FSA sets out new campylobacter goals
The Food Standards Agency (FSA) has set out new targets for tackling campylobacter, including a focus on transparency and smaller processors.
In the papers published ahead of its board meeting on 16 March, the FSA said it had “renewed confidence that the 10% target [of whole fresh chickens heavily contaminated with campylobacter] would be met by the industry as a whole by the end of 2016”.
Last month, the FSA reported a further reduction in the number of incidents in whole fresh chickens as part of its ongoing retail survey of major retailers. It was found that campylobacter was present in 59% of samples tested between October and December 2015, down from 74% in the same months of 2014.
At the meeting next week, the board is expected to agree on a new target, shared with industry partners, of achieving a reduction in laboratory confirmed cases of human campylo-bacteriosis that is equivalent to 100,000 fewer cases of campylobacter per year. It is estimated there are currently 280,000 cases annually.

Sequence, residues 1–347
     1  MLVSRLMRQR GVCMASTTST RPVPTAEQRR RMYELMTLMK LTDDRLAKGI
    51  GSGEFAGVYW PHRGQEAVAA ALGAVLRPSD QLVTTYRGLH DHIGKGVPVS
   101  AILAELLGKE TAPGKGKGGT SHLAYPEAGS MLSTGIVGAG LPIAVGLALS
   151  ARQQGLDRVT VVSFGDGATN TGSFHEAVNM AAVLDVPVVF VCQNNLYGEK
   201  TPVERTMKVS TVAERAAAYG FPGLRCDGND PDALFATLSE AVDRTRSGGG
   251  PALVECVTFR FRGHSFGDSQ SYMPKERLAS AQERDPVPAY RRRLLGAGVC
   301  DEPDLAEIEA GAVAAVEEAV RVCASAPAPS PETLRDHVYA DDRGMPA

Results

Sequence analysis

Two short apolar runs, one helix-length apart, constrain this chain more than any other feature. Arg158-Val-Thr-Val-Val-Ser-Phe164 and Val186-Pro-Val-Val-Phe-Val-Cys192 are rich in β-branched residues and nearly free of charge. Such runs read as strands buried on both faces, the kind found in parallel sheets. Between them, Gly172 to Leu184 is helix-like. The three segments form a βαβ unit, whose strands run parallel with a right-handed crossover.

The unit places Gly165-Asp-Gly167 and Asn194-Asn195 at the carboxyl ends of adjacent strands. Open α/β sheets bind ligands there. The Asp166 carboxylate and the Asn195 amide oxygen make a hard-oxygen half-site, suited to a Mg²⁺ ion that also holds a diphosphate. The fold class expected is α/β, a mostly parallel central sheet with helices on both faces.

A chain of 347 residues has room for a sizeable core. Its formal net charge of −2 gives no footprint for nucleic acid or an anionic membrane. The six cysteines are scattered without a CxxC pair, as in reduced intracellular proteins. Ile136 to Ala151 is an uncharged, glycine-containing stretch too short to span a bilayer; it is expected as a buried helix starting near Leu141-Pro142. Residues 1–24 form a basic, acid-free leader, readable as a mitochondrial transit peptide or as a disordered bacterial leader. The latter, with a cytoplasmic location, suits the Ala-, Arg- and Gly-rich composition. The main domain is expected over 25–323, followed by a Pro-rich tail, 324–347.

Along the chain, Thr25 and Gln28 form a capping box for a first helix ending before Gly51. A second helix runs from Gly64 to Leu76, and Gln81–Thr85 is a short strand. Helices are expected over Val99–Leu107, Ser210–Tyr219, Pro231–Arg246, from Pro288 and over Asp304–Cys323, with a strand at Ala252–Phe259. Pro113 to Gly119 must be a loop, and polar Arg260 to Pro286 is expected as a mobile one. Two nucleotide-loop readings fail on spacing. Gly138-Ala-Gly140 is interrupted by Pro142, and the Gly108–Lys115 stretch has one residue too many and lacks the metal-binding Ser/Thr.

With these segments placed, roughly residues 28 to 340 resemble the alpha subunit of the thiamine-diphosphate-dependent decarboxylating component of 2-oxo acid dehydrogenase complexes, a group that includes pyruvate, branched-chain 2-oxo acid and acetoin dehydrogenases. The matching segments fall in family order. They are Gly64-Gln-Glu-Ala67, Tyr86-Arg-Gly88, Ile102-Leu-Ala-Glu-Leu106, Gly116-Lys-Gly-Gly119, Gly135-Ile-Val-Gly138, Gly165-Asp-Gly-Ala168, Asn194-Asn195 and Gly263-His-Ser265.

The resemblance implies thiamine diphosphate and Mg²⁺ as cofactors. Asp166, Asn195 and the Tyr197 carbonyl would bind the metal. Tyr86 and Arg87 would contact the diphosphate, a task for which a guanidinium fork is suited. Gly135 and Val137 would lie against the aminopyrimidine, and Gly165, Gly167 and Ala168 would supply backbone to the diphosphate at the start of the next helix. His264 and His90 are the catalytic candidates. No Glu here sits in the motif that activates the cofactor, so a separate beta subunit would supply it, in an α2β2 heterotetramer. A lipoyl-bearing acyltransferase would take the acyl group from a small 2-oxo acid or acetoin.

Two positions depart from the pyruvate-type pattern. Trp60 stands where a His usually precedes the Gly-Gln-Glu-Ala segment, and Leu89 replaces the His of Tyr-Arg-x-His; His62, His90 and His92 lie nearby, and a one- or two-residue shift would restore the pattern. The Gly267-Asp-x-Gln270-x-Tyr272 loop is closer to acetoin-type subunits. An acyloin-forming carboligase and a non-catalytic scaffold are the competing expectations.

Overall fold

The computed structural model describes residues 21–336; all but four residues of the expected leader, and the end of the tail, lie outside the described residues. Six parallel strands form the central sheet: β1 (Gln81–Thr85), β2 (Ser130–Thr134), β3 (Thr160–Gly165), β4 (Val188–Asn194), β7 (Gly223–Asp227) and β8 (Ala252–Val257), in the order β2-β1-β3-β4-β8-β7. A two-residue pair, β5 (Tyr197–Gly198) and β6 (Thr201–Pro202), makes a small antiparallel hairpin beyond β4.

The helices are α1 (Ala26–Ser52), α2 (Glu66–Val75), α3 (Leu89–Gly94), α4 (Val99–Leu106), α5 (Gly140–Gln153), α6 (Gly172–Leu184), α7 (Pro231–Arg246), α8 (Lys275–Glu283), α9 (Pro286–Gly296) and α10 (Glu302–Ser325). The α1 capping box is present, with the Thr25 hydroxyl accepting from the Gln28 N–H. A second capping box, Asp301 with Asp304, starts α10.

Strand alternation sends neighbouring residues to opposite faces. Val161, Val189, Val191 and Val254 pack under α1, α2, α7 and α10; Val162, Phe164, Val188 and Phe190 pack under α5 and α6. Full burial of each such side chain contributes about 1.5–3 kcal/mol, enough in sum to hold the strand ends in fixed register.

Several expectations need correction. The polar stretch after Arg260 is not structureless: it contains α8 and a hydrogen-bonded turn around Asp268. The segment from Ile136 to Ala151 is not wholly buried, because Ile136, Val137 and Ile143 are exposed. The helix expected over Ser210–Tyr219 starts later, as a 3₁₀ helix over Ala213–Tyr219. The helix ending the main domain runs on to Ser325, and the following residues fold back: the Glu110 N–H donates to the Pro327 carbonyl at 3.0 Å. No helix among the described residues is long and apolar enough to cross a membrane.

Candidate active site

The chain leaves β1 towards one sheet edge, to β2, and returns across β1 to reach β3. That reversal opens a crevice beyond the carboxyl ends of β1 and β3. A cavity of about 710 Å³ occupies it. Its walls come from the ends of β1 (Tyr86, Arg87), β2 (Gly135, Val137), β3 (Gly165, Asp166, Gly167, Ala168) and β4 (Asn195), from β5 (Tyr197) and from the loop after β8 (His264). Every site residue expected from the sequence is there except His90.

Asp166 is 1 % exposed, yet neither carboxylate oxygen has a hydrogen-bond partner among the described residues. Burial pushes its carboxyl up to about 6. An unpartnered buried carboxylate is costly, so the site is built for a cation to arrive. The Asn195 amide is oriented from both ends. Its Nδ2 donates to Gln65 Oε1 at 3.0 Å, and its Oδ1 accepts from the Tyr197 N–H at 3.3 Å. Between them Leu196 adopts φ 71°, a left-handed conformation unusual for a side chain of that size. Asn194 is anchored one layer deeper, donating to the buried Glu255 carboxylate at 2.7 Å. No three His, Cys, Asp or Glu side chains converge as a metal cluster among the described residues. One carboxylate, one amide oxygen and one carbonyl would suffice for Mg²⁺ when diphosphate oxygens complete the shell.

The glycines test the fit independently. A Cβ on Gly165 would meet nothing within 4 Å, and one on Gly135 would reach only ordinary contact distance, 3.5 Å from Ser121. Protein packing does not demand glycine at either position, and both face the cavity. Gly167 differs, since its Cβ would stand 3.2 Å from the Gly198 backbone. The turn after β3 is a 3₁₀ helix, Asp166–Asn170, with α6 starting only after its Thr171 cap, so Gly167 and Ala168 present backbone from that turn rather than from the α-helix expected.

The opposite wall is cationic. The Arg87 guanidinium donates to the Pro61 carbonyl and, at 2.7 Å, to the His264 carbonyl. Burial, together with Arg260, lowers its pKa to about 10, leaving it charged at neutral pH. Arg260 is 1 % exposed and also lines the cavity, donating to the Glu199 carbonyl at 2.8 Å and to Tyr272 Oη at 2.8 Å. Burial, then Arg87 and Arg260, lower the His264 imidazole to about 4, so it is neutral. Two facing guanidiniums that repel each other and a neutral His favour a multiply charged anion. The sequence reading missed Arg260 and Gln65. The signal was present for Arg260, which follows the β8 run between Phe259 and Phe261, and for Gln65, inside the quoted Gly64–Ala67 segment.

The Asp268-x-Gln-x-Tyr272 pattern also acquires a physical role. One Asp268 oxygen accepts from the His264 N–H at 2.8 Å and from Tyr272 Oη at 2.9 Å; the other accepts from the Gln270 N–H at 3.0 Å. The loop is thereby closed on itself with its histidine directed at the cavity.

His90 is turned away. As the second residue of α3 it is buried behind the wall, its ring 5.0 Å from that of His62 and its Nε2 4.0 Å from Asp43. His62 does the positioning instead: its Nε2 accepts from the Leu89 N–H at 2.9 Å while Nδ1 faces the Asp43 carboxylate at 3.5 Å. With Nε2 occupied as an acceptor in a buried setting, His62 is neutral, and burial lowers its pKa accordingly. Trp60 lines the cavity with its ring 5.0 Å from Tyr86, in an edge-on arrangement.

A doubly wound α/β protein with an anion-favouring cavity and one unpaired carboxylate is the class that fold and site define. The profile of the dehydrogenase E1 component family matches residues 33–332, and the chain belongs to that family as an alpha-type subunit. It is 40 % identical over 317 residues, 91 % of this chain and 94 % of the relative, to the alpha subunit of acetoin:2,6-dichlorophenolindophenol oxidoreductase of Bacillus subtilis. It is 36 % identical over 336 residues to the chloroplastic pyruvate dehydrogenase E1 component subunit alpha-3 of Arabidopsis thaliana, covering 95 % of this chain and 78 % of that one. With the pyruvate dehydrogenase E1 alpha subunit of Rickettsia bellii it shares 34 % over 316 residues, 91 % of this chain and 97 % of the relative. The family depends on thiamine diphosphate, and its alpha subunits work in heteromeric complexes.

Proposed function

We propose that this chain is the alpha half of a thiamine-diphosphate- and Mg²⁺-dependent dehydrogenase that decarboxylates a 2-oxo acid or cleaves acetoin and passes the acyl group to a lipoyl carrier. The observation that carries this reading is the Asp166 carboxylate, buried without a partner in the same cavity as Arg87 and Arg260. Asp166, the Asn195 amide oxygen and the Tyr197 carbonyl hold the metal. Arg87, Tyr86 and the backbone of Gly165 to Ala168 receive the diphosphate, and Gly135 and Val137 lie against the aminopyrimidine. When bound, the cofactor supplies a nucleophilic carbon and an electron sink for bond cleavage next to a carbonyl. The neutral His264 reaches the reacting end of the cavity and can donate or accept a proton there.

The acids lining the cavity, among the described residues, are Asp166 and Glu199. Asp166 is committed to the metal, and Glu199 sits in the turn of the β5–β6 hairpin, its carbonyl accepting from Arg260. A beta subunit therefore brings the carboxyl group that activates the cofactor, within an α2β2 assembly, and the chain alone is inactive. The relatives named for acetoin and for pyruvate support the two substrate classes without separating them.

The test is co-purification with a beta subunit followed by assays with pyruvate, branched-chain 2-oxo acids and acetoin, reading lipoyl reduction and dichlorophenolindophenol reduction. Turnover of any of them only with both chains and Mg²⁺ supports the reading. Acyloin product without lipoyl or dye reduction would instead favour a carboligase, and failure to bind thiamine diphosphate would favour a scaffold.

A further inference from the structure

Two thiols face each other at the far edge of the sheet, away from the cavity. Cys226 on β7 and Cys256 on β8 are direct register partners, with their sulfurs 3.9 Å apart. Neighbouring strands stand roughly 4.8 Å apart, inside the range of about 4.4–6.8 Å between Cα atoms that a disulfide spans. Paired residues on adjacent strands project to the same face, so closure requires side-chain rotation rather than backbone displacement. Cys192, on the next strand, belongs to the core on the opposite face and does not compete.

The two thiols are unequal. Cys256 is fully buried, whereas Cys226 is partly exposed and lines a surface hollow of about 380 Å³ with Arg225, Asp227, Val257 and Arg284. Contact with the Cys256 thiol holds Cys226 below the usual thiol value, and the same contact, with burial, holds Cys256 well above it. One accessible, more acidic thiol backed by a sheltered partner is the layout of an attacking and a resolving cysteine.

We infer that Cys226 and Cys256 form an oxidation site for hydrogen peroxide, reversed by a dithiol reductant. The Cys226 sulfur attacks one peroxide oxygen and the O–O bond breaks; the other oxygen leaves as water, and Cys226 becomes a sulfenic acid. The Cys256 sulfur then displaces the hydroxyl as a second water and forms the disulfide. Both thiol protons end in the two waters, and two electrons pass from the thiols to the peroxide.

The board is set to propose engagement with its EU partners on future poultry official controls and legislation for campylobacter levels on raw poultry.
This is designed to ensure that all retailers take responsibility for transparency and informing customers about progress in tackling campylobacter, and to turn its focus to smaller independent producers and the sectors they supply poultry to.
It added that any retailer or processor that does not commit to transparency or make “meaningful interventions” across their estate would be identified by the FSA as “not making the same efforts as their peers”.
There are also plans by the board to “articulate consumer expectations” by working with UK consumers to “explore and understand their knowledge and acceptance levels of campylobacter contamination in chickens at retail sale”.
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